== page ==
Another commenter expressed support for the selection criterion in § 75.210(i) but requested that we allow for-profit entities, as well as nonprofit entities, to partner with grantees to bring their projects to scale during the grant period. The commenter stated that scaling has not historically been an area of expertise for entities providing educational services and that for-profit entities are well-suited to provide needed support.

Discussion: We agree that, in many Department programs, an applicant's ability to scale a proposed process, product, strategy, or program is very important. As the Department begins and continues to use this selection criterion, we expect potential applicants will devote resources and supports to focus on the processes, products, strategies, and programs that have greater potential to scale.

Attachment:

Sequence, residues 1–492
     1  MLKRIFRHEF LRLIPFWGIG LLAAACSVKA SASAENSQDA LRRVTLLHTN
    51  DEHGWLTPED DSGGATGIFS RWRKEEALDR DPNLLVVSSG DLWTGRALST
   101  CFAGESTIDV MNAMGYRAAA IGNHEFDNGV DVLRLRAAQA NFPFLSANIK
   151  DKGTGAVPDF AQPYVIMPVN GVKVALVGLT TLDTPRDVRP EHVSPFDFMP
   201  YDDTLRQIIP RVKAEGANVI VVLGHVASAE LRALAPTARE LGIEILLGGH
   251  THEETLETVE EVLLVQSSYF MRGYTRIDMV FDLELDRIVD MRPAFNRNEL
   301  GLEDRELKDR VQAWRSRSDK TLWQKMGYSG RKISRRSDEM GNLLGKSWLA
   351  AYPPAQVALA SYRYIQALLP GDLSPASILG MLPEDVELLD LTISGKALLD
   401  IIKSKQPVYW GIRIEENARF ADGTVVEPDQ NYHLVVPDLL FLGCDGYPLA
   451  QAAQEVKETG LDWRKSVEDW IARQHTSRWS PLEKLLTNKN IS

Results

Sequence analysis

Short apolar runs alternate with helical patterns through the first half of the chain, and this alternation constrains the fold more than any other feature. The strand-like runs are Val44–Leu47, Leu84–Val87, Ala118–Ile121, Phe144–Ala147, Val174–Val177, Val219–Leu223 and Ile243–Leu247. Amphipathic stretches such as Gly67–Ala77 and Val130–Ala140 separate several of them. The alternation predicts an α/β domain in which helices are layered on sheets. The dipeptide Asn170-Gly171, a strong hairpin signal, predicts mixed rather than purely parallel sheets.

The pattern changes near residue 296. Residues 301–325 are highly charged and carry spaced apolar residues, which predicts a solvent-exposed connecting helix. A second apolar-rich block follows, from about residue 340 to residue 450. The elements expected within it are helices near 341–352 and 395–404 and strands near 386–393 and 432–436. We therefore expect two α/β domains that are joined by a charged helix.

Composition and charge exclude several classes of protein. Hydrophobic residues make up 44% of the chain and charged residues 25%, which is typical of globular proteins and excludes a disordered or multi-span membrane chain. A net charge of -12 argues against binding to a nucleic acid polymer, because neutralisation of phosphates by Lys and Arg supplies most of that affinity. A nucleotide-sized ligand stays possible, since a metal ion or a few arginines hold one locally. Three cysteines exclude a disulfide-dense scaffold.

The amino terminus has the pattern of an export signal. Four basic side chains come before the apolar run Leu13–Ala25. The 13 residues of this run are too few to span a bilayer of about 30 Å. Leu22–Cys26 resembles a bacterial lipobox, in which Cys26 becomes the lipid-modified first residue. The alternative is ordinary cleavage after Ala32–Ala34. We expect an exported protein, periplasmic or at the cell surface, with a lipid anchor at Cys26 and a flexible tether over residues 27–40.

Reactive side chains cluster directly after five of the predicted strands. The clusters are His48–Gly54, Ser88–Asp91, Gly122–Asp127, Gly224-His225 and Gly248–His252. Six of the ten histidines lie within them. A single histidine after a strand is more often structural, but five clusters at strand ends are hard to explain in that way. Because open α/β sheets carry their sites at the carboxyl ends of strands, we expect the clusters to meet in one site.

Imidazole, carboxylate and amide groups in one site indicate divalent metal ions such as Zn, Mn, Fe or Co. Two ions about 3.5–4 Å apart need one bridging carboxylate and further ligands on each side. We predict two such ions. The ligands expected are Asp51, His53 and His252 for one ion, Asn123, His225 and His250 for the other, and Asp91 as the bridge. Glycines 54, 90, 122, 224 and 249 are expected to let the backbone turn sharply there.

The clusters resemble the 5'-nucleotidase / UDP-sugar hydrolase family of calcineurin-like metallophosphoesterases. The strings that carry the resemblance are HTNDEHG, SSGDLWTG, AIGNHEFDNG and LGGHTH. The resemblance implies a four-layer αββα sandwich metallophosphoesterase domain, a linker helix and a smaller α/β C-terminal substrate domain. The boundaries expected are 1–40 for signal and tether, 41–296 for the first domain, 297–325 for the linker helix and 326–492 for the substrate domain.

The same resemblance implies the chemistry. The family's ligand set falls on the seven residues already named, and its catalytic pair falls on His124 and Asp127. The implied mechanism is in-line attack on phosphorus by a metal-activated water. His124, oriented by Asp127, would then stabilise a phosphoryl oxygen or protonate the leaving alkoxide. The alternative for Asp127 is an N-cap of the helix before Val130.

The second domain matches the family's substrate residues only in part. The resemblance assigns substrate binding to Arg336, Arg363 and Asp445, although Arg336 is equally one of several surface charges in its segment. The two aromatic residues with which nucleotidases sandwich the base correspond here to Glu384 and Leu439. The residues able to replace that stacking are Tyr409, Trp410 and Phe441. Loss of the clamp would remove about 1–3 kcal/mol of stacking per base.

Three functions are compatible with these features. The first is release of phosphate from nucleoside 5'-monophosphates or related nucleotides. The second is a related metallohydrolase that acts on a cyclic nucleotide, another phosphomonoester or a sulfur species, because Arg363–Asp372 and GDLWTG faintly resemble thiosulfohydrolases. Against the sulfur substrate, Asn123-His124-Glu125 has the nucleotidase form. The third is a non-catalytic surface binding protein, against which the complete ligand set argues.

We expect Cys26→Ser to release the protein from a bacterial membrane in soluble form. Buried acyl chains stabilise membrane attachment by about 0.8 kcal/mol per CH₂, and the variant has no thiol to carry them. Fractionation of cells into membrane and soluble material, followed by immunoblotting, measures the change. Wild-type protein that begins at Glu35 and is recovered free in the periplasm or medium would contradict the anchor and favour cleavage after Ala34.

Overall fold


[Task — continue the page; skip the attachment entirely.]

Should a grantee decide that it needs additional help in the area of scalability, that grantee is not obligated to seek assistance from only nonprofit entities. The proposed selection criterion, as written, does not explicitly refer to the types of entities with which a grantee may choose to work. We recognize that some for-profit entities may be particularly well-positioned to help grantees achieve scale, and encourage each grantee, to the extent it requires additional support, to seek out partners that are best suited to meet the needs of their projects.

Changes: None.